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Magnetic repulsion
Magnetic repulsion  
Hello Steve,

I am working on a project now that involves using electromagnets to move other nearby objects, and I need to calculate the minimum field strength required to perform this operation. I am trying to understand the first step to finding the answer, and I would really appreciate your expert opinion on my reasoning. You have given me a lot of help in the past and I am really grateful. I have never really had much science education and I am always plagued with doubts that I have missed something!

I have a plastic tube containing an electromagnet at one end. On top of the electromagnet is a plastic cylinder which contains a permanent magnet. When the electromagnet is switched off, the permanent magnet is attracted to the iron core of the electromagnet and the plastic cylinder is held in place. When the electromagnet is switched on it produces a magnetic field which repels the permanent magnet in the plastic cylinder, lifting it up. The structure of the tube prevents the plastic cylinder from moving to the side, or from moving more than a set distance away from the electromagnet. (The entire structure could be moved and tilted to any orientation, but for these calculations I have imagined the tube is vertical, which I am assuming is going to present the greatest resistance.)
Have I imagined the up and down movement of the plastic cylinder accurately?

I am trying to work out the necessary field strength the electromagnet needs to produce in order to repel the permanent magnet, and the forces that need to be overcome to do this. My thinking that the required field strength must be greater than the weight of the permanent magnet, plus the field strength/pull force of the permanent magnet.
Is this correct?

I am guessing that the extent to which the required field strength needs to be greater than the weight of the permanent magnet combined with the pull force of the permanent magnet is related to the friction between the plastic cylinder and the sides of the plastic tube - is this right?
Could you tell me how I might factor in the friction to these calculations?

Once again thanks very much for all your previous answers - they were a great help.
Eddie

Answer
Hello Eddie,

I apologize for the delay in replying. I agree with your description of the operation of your device.

Regarding your sentence "My thinking that the required field strength must be greater than the weight of the permanent magnet, plus the field strength/pull force of the permanent magnet." I would say that this way just to make things as clear as possible: "When the permanent magnet is in the fully repelled position, the force of repulsion must be greater than the weight of the permanent magnet." To accomplish this, these 3 factors must be considered, the field strength of the electromagnet, the field strength of the permanent magnet, and the distance the permanent magnet is to move when fully repelled. I'll refer to the distance the permanent magnet is to move when fully repelled with the variable name d. And yes, the attraction of the permanent magnet for the core would work against the repulsion.

A similar worst case that you need to consider is with the device rotated to upside down compared to your figure. The permanent magnet's attraction to the core when the separation distance is d also needs to exceed the weight of the permanent magnet for it to work in the upside down orientation.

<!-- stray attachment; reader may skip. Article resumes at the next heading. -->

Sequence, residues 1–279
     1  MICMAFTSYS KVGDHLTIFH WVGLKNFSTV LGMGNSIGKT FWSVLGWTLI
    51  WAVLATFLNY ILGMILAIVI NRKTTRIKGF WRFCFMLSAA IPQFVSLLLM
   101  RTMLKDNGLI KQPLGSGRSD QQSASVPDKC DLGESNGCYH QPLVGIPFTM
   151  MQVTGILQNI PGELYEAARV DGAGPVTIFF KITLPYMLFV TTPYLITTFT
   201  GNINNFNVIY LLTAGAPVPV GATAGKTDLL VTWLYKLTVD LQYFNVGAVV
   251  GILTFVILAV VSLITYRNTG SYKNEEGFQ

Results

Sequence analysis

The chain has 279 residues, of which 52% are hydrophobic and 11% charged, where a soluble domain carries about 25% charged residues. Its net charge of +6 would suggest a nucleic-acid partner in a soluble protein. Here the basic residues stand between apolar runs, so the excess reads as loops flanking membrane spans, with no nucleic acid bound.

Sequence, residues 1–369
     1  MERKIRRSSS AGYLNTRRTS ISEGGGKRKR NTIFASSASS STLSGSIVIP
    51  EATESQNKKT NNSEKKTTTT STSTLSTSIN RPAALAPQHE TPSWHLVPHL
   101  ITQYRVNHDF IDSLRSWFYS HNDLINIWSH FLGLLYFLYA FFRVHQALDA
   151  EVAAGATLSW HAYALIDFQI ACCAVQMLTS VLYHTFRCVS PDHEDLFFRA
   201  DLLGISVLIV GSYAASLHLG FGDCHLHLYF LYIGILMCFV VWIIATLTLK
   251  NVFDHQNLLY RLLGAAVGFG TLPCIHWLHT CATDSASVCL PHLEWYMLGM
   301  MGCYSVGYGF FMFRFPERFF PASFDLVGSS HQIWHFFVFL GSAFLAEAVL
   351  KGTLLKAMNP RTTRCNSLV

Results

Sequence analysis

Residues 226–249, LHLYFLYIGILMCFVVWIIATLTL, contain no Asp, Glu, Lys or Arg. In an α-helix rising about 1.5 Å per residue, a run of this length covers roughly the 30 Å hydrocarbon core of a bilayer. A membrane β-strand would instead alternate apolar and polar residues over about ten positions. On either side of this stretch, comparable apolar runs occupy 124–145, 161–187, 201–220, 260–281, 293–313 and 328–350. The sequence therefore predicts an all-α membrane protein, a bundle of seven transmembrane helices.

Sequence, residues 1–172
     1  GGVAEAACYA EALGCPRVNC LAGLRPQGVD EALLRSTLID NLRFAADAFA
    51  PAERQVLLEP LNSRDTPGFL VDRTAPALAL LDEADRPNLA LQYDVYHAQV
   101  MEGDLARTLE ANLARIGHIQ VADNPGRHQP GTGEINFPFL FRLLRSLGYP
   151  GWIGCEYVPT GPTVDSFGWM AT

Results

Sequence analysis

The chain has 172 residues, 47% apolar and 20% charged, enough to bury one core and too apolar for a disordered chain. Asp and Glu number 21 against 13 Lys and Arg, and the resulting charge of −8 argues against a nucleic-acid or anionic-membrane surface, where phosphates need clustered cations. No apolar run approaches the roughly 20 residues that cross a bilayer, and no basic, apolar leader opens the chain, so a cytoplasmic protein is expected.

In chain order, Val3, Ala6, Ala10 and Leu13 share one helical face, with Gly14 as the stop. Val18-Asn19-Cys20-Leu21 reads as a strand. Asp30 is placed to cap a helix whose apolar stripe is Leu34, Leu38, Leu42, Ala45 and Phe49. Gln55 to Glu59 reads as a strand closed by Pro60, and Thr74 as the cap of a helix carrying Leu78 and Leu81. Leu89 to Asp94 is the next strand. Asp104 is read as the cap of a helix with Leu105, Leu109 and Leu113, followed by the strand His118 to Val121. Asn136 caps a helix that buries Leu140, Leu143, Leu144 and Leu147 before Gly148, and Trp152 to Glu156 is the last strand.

Yes, any force of friction that the permanent magnet experiences will have the same affect as its weight. So the required magnetic force has to be greater than the sum of the weight and the friction (when in the orientation shown).

If you go to the following website and scroll down to the section "Force between two cylindrical magnets", you will see the complexity involved here.
http://en.wikipedia.org/wiki/Force_between_magnets
Notice the terms inside the brackets. Their x is my d. That shows that the force of attraction or repulsion will decrease at the rate that the square of the separation distance d increases. So if had it working, and decided to double the distance d that you want the permanent magnet to move, you would have to increase the magnetic strength by a factor of 4.

Let me suggest an experiment. Put 2 equal strength permanent magnets in your tube and measure the height at which the top one floats. That is d. If you know the performance data of the magnets, that will suggest the strength that the electromagnet should have.

I hope this helps,
Steve

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Steve Johnson

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I would be delighted to help with questions up through the first year of college Physics. Particularly Electricity, Electronics and Newtonian Mechanics (motion, acceleration etc.). I decline questions on relativity and Atomic Physics. I also could discuss the Space Shuttle and space flight in general.

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I have a BS in Physics and an MS in Electrical Engineering. I am retired now. My professional career was in Electrical Engineering with considerable time spent working with accelerometers, gyroscopes and flight dynamics (Physics related topics) while working on the Space Shuttle. I gave formal classroom lessons to technical co-workers periodically over a several year period.

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BS Physics, North Dakota State University
MS Electrical Engineering, North Dakota State University

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